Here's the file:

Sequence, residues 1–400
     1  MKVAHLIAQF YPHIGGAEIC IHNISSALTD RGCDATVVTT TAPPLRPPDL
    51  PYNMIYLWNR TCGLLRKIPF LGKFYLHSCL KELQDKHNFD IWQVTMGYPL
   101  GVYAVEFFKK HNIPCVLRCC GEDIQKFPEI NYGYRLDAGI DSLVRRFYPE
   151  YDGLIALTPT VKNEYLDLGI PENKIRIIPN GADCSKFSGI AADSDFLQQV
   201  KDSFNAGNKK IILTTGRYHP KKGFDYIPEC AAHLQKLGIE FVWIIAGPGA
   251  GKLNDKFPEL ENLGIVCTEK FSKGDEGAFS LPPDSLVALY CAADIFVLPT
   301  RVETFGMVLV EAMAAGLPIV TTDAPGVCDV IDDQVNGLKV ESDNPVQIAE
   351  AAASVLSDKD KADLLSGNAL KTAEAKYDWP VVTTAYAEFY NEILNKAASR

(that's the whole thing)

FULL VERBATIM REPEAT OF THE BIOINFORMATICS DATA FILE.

Sequence, residues 1–400
     1  MKVAHLIAQF YPHIGGAEIC IHNISSALTD RGCDATVVTT TAPPLRPPDL
    51  PYNMIYLWNR TCGLLRKIPF LGKFYLHSCL KELQDKHNFD IWQVTMGYPL
   101  GVYAVEFFKK HNIPCVLRCC GEDIQKFPEI NYGYRLDAGI DSLVRRFYPE
   151  YDGLIALTPT VKNEYLDLGI PENKIRIIPN GADCSKFSGI AADSDFLQQV
   201  KDSFNAGNKK IILTTGRYHP KKGFDYIPEC AAHLQKLGIE FVWIIAGPGA
   251  GKLNDKFPEL ENLGIVCTEK FSKGDEGAFS LPPDSLVALY CAADIFVLPT
   301  RVETFGMVLV EAMAAGLPIV TTDAPGVCDV IDDQVNGLKV ESDNPVQIAE
   351  AAASVLSDKD KADLLSGNAL KTAEAKYDWP VVTTAYAEFY NEILNKAASR